When it comes to consumerism, ‘Moments of Truth’ (MOTs) are defined as those points in time when a customer forms an impression of a brand or product — whether that be positive or negative. The Second Moment of Truth, for instance, describes the ongoing relationship a customer has with a product and how this influences their future purchasing decisions, and the Ultimate Moment of Truth is marked by the customer sharing their positive experience with others.

Yet it’s the First Moment of Truth that many product designers and marketers focus their attention on. It’s the instance when a potential client first comes into contact with a product, and the impression they form thereafter. As the saying goes, first impressions count for everything here. 

Recent advances in digital product design go a long way in ascertaining the outcome of this First Moment of Truth much earlier in the design process. As more and more products shift to a digital over analog design process, the opportunity for realtime visualization skyrockets. Whole teams can visualize new designs, in context, in realtime, and put these same designs in digital storefronts and on virtual shelves before physical prototyping occurs. Test consumers can then feedback on what catches their eye the most — and designers can, in turn, find out which potential product design leads to a positive First Moment of Truth.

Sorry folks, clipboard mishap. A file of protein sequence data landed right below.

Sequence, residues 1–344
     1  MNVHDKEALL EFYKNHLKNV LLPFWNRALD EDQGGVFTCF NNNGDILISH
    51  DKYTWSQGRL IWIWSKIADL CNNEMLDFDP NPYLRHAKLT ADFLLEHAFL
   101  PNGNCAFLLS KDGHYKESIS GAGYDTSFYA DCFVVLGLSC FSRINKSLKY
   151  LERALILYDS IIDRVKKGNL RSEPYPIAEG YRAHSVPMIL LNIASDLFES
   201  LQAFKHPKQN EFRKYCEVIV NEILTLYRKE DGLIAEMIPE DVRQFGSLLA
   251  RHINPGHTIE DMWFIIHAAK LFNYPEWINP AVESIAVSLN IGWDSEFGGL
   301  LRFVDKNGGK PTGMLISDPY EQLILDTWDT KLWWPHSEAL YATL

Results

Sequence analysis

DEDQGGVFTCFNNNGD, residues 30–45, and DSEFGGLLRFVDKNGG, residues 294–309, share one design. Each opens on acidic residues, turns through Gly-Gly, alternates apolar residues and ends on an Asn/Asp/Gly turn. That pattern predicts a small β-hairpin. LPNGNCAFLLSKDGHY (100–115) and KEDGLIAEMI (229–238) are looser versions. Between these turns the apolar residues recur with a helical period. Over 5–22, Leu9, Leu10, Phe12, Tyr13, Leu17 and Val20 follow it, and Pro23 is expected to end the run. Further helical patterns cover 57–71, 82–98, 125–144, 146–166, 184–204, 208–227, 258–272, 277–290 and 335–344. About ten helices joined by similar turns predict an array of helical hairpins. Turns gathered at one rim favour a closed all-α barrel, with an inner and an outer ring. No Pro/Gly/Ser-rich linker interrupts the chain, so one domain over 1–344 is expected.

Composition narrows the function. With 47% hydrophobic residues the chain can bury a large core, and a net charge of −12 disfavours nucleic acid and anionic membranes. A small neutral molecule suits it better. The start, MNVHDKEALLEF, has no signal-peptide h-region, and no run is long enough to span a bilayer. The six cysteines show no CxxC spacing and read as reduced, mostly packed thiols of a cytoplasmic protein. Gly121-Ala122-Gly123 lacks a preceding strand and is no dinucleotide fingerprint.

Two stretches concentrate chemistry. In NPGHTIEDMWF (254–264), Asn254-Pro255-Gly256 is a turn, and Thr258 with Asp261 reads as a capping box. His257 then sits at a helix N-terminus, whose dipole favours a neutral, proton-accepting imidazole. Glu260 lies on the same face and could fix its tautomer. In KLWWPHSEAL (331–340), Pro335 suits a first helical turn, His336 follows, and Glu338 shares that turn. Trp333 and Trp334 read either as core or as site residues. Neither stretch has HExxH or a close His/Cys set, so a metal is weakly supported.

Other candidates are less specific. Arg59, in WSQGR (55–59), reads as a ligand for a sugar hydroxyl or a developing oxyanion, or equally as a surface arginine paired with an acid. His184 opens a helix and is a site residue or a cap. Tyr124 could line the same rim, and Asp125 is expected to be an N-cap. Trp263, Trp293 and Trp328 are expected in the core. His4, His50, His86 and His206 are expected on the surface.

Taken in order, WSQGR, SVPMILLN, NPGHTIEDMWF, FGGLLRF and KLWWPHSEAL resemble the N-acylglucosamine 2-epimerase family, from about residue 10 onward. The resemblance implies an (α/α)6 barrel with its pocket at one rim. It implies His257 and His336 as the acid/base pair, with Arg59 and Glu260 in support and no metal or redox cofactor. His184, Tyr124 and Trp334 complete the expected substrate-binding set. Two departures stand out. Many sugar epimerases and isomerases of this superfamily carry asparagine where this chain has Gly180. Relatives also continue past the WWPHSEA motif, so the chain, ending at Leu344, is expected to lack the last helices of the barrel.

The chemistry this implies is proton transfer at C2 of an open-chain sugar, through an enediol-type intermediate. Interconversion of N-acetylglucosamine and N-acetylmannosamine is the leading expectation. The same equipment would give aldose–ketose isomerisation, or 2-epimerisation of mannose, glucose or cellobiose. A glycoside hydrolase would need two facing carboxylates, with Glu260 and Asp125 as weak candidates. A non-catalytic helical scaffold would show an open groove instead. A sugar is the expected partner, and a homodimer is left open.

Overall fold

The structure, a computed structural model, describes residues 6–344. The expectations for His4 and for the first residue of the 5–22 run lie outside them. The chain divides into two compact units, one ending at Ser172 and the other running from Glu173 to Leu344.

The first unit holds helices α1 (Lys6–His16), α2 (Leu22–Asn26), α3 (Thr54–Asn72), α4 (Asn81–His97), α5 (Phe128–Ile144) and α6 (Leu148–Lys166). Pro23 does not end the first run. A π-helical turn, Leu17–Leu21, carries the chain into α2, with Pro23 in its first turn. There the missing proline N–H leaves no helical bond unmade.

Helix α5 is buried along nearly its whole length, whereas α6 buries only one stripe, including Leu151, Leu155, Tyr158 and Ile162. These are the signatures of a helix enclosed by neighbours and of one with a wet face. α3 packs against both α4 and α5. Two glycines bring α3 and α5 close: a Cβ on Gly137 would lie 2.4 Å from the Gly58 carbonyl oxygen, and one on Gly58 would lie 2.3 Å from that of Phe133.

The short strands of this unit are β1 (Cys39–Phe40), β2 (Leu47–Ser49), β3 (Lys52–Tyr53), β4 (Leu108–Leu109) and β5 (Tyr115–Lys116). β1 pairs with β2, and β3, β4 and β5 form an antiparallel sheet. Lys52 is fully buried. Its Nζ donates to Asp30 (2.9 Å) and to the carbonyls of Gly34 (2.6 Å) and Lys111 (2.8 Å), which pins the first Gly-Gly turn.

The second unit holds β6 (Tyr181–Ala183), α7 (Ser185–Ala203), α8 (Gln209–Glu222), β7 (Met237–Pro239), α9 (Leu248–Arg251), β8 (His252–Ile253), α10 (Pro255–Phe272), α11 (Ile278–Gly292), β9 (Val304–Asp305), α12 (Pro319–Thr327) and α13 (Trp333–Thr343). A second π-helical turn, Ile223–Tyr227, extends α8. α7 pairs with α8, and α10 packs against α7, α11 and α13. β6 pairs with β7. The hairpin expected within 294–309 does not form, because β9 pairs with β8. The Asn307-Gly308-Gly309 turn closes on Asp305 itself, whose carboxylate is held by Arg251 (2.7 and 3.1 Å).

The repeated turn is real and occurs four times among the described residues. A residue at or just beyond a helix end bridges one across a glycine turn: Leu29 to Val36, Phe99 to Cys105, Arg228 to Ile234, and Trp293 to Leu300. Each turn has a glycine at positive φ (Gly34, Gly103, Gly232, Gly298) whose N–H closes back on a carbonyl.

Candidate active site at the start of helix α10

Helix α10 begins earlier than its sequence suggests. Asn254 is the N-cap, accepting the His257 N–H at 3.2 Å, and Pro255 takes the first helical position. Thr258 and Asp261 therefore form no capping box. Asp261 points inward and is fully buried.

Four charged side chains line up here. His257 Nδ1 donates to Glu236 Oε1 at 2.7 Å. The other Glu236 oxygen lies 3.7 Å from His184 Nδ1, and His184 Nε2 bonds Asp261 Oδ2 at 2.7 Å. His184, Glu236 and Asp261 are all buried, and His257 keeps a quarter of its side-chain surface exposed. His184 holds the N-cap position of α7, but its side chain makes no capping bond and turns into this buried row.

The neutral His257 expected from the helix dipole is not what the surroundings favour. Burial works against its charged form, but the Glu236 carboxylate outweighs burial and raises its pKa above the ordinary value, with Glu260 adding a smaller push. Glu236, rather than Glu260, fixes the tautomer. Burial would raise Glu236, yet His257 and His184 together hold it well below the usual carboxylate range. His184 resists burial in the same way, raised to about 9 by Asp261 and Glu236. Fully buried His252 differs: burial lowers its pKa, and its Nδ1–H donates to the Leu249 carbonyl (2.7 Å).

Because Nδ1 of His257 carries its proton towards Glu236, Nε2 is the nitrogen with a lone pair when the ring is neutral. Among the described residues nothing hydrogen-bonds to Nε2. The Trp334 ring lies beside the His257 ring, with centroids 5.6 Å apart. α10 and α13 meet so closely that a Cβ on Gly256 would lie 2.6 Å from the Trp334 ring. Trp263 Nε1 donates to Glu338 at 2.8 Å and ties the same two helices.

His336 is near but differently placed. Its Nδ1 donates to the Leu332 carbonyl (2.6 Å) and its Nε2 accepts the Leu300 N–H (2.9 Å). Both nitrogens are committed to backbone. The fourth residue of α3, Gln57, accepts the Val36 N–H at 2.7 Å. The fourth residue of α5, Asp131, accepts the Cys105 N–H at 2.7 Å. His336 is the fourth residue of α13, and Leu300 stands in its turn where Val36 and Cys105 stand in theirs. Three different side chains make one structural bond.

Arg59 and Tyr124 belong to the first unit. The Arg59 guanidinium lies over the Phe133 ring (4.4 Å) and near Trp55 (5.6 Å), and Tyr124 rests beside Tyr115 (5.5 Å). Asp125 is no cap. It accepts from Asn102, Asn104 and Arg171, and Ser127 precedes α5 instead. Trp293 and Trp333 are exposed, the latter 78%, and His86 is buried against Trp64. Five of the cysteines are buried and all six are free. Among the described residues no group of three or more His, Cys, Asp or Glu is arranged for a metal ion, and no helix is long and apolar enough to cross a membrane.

This burgeoning approach to product design has clear advantages. Time to market reduction; a quicker, live review process; and inherent sustainability gains are just some of the benefits that will no doubt drive wider adoption over the coming years, with design tools like Foundry’s Modo and Colorway responding in kind with features to facilitate stunning, 3D renders and rapid realtime iteration. 

Looking ahead

Here’s to a brighter 2021. Honorable mentions of trends that we’ll no doubt see more of include distributed asset management, AR-and AI- assisted video streaming to reduce bandwidth consumption, and of course Universal Scene Description. Whilst the battle for standardisation and uniformity continues for USD-based pipelines, it’s no-doubt the single biggest solution to streamlining production pipelines and reducing a scene into a file and format that can easily be shared across applications, artists and departments. No doubt it will remain a hot topic for the foreseeable future.

Speaking of what’s on the horizon, the shock of 2020 has happened and what we’ll see next year, as the dust settles, is a codifying of how best to utilize all of the trends listed above in a way that makes sense. 2021 certainly holds a lot of much-needed promise — now, the industry needs to make this ‘new normal’, including its incumbent technology and trends, work in a way that’s sustainable.

Simon Robinson is the Co-Founder of London-based Foundry (https://www.foundry.com).